Median follow-up was 18.6 months (range, 4.4-22.2).

Four women in the MMRD/POLE cohort exhibited an objective response, including one complete response and three partial responses, for an ORR of 26.7% (95% CI, 7.8-55.1).

Six women, including all four who responded to treatment, remained progression free at 6 months (PFS = 40%; 95% CI, 16.3-66.7). Researchers observed responses among women without PD-L1 expression.

Immunohistochemistry captured all cases of MMRD later confirmed by polymerase chain reaction or through targeted sequencing.

Only one patient in the MMRP cohort (6.25%; 95% CI, 0.16-30.2) demonstrated response and was progression free at 6 months.

Overall, median PFS was 4.4 months (95% CI, 1.7-not reached) in the MMRD/POLE cohort and 1.9 months (95% CI, 1.6-2.8) in the MMRP cohort.

Median OS was 6.6 months (95% CI, 2-10.2) in the MMRP cohort and had not been reached in the MMRD/POLE cohort.

Six women experienced grade 3 treatment-related toxicities. No grade 4 or grade 5 toxicities were observed.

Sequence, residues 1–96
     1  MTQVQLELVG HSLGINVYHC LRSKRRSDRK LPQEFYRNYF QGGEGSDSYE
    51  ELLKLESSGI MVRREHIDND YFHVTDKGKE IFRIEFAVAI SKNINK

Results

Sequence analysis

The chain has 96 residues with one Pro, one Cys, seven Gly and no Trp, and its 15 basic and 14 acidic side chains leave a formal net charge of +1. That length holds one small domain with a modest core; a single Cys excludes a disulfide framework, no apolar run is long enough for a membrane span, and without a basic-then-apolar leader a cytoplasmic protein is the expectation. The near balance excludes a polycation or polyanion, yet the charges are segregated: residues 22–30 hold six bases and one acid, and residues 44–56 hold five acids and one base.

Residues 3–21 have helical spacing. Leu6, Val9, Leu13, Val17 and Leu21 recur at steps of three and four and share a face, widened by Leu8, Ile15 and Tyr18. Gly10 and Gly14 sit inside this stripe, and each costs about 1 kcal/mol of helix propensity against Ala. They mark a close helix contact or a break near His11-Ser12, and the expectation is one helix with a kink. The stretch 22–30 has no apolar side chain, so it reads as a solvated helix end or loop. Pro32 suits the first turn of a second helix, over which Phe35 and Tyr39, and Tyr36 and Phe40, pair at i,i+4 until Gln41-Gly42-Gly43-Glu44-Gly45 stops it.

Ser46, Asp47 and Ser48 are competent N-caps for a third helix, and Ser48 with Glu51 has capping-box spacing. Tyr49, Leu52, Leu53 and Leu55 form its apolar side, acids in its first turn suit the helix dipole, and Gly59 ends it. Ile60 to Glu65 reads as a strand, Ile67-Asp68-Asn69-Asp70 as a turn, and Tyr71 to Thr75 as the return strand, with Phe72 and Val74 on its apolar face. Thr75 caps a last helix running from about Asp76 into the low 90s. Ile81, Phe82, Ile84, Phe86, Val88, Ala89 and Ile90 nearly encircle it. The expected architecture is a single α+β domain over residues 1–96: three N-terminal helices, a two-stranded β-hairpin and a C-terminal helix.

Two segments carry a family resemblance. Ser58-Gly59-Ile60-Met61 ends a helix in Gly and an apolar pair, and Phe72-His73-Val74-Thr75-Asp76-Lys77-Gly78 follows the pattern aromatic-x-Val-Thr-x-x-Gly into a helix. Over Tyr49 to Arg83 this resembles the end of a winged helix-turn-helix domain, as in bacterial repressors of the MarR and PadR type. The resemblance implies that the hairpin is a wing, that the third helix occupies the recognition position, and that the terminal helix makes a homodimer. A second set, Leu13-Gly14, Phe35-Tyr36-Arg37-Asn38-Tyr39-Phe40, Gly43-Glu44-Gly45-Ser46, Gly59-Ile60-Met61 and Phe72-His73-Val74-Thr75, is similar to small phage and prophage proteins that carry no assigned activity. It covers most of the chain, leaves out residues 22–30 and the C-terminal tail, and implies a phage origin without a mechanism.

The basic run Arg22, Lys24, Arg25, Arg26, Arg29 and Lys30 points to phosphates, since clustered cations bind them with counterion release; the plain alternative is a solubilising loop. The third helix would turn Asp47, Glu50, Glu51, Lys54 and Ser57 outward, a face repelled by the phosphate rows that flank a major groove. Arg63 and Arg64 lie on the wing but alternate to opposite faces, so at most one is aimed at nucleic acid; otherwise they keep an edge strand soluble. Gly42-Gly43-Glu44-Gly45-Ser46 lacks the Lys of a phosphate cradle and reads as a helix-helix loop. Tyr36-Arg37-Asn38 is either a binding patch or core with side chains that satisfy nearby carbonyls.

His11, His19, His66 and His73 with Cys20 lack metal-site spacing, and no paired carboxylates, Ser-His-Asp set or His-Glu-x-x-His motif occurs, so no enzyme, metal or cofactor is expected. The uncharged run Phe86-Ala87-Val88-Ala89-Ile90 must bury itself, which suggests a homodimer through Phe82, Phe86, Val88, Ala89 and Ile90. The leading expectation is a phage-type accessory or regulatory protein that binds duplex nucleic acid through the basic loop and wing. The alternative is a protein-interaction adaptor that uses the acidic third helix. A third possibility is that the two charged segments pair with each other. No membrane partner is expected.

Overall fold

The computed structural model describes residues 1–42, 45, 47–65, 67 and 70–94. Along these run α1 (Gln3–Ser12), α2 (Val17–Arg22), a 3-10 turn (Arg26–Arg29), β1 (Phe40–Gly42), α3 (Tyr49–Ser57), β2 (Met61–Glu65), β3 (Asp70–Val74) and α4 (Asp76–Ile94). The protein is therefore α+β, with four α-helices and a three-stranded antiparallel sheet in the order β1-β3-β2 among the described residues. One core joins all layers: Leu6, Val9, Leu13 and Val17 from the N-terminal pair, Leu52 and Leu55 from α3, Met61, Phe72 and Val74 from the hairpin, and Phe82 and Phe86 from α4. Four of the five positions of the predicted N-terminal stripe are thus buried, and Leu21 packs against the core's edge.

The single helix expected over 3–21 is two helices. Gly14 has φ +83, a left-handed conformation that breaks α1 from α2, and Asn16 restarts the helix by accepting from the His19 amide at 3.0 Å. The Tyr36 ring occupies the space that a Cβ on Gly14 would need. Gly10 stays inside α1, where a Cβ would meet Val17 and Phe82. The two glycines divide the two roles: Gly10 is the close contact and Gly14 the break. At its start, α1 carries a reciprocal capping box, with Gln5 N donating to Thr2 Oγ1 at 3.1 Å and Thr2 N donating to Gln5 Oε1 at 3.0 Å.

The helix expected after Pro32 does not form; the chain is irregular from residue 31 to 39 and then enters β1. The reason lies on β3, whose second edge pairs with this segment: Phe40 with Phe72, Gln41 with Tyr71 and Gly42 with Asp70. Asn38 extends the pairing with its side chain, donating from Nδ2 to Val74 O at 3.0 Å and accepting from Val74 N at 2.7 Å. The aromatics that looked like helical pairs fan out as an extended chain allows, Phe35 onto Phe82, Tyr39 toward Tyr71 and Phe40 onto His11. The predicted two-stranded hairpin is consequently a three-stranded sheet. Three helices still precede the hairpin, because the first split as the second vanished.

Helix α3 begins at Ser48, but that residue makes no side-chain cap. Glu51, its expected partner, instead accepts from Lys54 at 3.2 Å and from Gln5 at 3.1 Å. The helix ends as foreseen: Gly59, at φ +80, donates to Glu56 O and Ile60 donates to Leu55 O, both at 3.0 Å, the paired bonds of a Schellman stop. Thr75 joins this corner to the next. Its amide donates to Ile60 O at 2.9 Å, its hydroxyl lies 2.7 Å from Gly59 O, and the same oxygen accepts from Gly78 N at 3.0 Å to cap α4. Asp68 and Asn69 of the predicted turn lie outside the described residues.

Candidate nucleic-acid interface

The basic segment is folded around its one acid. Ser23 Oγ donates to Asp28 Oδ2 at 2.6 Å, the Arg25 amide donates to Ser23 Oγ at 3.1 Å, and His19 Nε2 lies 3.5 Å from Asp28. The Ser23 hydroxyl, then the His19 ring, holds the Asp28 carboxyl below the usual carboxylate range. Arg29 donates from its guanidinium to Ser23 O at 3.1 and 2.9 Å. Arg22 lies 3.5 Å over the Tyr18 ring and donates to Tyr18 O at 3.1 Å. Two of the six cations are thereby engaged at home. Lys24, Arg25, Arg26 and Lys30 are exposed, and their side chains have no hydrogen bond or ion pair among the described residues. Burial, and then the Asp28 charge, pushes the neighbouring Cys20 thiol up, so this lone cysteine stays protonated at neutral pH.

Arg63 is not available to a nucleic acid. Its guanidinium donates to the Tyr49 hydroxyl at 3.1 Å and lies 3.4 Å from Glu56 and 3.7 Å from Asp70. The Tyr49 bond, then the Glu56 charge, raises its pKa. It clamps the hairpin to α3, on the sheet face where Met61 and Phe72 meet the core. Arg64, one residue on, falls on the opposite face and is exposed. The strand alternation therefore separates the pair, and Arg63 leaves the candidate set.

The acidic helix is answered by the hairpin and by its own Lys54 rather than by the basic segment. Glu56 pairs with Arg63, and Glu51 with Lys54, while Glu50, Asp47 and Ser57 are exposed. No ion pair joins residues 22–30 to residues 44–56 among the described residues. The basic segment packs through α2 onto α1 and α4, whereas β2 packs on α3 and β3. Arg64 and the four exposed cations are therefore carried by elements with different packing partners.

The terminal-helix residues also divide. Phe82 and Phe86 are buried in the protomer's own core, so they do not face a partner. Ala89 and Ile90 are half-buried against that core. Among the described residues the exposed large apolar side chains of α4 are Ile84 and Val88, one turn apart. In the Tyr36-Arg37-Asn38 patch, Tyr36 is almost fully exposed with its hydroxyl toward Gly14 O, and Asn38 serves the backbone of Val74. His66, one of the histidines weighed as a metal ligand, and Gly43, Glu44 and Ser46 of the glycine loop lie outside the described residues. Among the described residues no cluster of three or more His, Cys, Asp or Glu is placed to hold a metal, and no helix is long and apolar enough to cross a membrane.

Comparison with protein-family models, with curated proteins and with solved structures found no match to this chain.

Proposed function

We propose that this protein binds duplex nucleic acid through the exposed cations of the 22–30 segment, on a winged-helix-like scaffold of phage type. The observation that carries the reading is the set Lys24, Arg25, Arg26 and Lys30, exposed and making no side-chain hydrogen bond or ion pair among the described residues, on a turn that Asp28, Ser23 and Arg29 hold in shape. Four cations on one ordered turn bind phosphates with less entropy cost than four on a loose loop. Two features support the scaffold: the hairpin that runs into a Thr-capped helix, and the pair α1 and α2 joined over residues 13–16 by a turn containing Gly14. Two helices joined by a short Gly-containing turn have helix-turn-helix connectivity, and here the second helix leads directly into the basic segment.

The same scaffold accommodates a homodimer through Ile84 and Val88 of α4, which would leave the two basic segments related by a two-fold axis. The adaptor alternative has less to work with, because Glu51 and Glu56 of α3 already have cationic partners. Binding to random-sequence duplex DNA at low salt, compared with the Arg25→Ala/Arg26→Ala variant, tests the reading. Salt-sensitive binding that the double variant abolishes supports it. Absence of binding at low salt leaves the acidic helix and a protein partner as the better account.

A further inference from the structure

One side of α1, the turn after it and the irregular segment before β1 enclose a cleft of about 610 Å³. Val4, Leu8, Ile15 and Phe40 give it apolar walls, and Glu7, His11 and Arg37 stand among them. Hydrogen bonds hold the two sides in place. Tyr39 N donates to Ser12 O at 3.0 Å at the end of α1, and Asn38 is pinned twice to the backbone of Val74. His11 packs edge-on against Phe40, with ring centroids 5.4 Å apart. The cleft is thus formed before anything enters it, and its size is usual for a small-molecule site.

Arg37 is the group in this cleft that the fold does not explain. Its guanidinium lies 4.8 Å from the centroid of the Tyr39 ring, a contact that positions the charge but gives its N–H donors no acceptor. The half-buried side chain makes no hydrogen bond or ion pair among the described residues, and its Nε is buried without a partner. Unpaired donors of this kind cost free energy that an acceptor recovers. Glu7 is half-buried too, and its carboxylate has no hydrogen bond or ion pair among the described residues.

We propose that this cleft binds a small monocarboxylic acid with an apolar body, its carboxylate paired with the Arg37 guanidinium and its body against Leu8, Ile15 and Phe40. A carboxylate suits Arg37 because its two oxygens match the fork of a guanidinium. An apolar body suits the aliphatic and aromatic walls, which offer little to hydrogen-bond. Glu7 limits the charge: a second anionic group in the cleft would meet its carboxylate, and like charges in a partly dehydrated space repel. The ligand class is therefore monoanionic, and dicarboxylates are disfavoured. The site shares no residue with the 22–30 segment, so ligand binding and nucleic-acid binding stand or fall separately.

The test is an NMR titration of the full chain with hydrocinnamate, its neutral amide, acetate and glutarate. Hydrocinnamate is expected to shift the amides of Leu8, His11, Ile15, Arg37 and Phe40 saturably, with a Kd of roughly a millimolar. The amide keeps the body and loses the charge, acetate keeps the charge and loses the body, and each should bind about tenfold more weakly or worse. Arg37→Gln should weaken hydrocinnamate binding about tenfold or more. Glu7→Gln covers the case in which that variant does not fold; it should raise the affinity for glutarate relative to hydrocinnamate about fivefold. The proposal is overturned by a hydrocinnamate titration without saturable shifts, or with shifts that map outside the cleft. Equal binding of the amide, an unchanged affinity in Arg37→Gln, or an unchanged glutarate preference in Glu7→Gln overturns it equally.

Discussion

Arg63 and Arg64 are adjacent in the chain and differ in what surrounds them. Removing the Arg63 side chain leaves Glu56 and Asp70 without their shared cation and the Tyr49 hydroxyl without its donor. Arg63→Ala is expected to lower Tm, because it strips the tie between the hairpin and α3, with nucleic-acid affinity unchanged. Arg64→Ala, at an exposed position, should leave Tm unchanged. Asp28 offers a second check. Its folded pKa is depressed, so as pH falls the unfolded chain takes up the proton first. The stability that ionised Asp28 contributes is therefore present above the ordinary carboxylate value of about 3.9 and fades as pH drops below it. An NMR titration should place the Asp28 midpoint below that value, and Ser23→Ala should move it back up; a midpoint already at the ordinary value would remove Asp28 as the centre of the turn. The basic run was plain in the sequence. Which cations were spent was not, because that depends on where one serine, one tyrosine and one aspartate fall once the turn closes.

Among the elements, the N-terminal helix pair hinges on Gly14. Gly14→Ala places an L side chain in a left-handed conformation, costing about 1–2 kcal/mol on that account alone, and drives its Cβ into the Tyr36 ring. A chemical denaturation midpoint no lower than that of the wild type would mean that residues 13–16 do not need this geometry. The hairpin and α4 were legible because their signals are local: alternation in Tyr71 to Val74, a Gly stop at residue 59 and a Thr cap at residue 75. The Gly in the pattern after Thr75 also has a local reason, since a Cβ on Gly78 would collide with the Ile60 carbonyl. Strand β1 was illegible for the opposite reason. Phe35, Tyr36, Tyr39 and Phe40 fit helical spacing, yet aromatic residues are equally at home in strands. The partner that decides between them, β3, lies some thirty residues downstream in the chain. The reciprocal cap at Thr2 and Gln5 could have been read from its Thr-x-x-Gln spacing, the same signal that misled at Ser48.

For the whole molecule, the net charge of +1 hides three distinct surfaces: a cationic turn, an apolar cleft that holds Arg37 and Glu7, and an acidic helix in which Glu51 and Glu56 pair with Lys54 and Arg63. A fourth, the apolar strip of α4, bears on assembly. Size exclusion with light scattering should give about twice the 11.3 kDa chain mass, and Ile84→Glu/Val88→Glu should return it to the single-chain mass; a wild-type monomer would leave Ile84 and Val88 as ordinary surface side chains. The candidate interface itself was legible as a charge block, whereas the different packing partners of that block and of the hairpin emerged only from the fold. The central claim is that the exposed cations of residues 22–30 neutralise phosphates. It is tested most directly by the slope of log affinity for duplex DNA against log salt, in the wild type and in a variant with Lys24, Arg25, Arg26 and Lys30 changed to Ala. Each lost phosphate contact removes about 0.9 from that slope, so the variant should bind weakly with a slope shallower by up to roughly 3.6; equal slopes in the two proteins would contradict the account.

“Our findings support routine use of immunohistochemistry to determine MMRD status in [endometrial cancer] when considering treatment with immune checkpoint blockade,” Konstantinopoulos and colleagues wrote. “Conversely, avelumab did not demonstrate activity worthy of additional evaluation in MMRP/nonPOLE-mutated endometrial cancer, suggesting that alternative approaches are needed.” – by John DeRosier

Disclosures: Konstantinopoulos reports consultant/advisory roles with and/or institutional research funding from AstraZeneca, Eli Lilly, Merck, Pfizer, Tesaro and Vertex. Please see the study for all other authors’ relevant financial disclosures.